These eight divisions may now be discussed. In the first, I have placed the production of antisera for research, diagnostic, or unspecified purposes. (Much larger numbers of animals yielding directly therapeutic antisera are probably included under the categories of the seventh division, q.v. below.) I have divided it into animals used for antipathogenic or antitoxic sera on one hand, and on the other those injected with materials (e.g. erythrocytes) which can produce no ill-effects in themselves. I have added a third sub-category of unspecified2 antisera: it may include either of the previous categories, which must, therefore, be regarded as minimum returns.

A second small division consists of animals used as sources for whole blood, plasma, blood cells, and so forth. This again may be for many different purposes. It is separated on account of the relatively trivial discomfort it involves, when properly executed--no more, we may presume, than that which we ourselves suffer as blood donors. Animals may be used repeatedly for this purpose, and be available elsewhere in the tables; this is not numerically important. Some of these animals may have been bled out after being killed.

A third category contains two types of essentially humane usage: non-recovery experiments under anesthesia, and procedures not applied to the living animals at all. The second of these subdivisions confounds dissection and the use of isolated organs and tissues in vitro, either immediately or after culturing. From our present point of view, it was worth segregating these numerically quite substantial usages. The numbers given here are absolute minima. It is very probable that many more such procedures were returned under such headings as "teaching", "biochemical studies", and "bioassay". I have only included certainties in this third category.

The fourth purpose distinguished is that of teaching, including both demonstration and classwork. The latter must normally belong to the third category, but where not separately specified I have left it in the fourth.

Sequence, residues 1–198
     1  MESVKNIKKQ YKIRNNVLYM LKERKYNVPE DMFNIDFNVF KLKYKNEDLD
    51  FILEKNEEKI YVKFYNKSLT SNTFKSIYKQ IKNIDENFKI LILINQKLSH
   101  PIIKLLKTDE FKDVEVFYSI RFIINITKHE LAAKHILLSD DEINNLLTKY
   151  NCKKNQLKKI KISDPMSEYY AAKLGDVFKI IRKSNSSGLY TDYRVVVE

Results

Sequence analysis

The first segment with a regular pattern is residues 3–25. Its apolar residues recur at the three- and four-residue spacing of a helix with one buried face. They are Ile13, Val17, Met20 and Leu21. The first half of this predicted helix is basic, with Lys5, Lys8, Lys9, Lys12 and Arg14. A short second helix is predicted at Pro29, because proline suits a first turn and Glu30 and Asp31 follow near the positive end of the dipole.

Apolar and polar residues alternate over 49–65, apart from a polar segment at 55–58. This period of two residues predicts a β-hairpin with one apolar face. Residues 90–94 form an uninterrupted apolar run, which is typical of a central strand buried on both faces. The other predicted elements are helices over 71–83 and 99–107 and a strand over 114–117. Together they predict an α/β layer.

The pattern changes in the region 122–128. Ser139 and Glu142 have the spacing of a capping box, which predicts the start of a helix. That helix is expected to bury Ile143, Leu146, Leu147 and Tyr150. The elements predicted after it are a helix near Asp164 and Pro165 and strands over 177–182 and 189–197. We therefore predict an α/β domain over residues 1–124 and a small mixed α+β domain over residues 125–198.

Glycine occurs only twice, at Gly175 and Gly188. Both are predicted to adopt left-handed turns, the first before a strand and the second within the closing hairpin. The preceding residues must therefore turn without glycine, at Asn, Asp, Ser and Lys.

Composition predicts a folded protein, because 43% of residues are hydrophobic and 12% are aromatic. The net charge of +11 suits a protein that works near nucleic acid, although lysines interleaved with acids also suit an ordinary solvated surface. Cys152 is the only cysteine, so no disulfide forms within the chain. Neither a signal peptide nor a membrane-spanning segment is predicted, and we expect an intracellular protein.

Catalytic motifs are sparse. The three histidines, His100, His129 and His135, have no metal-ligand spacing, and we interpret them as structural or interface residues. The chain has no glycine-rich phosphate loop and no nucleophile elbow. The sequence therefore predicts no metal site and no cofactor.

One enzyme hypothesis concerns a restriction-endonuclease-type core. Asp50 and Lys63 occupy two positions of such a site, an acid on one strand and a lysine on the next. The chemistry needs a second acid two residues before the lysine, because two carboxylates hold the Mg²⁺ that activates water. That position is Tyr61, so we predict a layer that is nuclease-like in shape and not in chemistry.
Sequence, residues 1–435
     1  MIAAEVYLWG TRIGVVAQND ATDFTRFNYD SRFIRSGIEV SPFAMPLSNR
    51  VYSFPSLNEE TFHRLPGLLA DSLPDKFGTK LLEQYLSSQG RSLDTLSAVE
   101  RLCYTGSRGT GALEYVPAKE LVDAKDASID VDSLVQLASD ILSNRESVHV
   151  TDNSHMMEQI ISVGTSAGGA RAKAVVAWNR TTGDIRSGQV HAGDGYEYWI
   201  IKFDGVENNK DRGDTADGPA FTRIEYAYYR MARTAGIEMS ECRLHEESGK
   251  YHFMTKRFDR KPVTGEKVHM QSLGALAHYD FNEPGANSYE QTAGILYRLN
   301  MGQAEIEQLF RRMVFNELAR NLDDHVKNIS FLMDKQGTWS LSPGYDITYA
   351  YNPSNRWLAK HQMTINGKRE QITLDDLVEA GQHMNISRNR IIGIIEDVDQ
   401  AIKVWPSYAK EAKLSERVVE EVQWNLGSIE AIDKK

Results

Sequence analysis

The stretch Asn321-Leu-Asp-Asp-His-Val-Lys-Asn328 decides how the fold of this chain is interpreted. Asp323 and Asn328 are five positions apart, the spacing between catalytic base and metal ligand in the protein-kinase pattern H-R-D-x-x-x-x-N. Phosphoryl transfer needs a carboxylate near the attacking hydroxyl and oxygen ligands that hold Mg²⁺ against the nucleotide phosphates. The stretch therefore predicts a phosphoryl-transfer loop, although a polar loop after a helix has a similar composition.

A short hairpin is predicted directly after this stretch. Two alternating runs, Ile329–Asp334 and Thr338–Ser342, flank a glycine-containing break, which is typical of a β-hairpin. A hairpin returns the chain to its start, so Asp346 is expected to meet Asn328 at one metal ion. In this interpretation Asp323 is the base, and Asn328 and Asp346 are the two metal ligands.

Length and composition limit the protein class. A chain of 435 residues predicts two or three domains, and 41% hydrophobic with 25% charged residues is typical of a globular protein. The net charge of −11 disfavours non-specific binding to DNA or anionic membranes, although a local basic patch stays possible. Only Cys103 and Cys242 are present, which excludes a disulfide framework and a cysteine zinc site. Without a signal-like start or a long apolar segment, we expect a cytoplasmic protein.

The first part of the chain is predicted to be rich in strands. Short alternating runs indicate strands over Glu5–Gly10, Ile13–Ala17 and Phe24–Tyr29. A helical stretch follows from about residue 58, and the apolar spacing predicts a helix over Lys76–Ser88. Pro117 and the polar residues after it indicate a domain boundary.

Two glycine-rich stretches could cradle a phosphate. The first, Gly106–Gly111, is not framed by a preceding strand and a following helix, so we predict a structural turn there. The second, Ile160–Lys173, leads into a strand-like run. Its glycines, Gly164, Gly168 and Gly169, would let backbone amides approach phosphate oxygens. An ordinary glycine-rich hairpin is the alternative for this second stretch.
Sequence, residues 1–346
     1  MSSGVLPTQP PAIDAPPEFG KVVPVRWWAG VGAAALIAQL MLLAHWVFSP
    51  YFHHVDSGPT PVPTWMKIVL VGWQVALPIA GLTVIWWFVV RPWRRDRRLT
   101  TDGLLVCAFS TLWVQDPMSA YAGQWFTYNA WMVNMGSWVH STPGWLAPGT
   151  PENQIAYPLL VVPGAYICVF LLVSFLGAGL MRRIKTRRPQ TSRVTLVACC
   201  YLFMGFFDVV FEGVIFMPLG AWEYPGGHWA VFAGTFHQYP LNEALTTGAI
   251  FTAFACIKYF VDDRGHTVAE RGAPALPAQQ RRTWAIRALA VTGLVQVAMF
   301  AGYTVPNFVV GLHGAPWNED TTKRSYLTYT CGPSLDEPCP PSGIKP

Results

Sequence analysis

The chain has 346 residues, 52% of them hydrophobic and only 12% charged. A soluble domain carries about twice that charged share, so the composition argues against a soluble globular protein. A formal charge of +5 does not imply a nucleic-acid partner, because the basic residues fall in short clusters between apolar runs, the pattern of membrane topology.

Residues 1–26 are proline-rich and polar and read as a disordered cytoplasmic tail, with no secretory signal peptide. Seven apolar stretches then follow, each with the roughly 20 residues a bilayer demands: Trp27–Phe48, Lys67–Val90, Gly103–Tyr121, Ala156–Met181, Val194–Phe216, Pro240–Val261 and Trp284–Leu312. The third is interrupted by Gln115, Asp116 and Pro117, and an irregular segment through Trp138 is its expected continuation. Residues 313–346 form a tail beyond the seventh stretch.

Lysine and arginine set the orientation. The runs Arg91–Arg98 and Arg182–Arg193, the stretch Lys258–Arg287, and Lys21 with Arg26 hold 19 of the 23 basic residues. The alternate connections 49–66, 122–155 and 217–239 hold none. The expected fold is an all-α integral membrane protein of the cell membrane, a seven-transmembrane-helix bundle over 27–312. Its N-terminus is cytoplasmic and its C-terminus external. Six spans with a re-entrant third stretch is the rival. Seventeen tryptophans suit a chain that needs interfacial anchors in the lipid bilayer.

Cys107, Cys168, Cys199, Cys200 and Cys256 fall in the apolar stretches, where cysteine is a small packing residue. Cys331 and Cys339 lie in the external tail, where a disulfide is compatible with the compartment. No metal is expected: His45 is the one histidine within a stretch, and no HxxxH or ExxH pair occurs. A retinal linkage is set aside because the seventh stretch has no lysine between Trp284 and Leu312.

We come now to the numerically important headings. The first is that of Pregnancy Diagnosis (P.D.). Here I have included not only human pregnancy diagnosis proper, but FSH3 estimation (from human material) and the diagnosis of pregnancy in mares. Each subdivision is separately listed.

The sixth category is that of diagnosis. When specified in the returns, I have separated the organisms suspected in the material inoculated into the animals4. This material was nearly always pathological specimens from man or domestic animals. In the case of TB5 and Brucella, however, many of the animals were inoculated with milk, especially in PH laboratories. Many animals are used as sources of blood for complement fixation tests or the procedurally identical Wasserman Reaction. These should logically have been included under the "source of blood" category. But in the returns on the guinea pig (the main source of complement), this purpose was often confounded with other diagnostic procedures, and may form a substantial part of the compartment in the tables devoted to "unspecified diagnosis". I have, therefore, included it under the general diagnosis heading. After listing each specified purpose, I have totalled all these, and finally given a figure for unspecified diagnosis. This figure may contain other specific purposes which happened never to be individually returned, but also most probably includes many of the purposes already specifically listed in the general category of diagnosis. The figures for specific diagnostic usages are therefore minimum returns. This applies also to the remaining two general headings. In each of these three major divisions, individually specified purposes made up a substantial majority of all returns. The individual items may therefore be taken to reflect fairly the proportional distribution of animals between specific usages in each major category. This is certainly true at least of the numerically important items. Thus, in the diagnosis category, even if none of the unspecified cases were inoculations of TB (which is very unlikely), TB work would still enormously preponderate in the category as a whole over all other diagnostic procedures. On the whole, a considerable amount of information about specific usages was provided in the returns.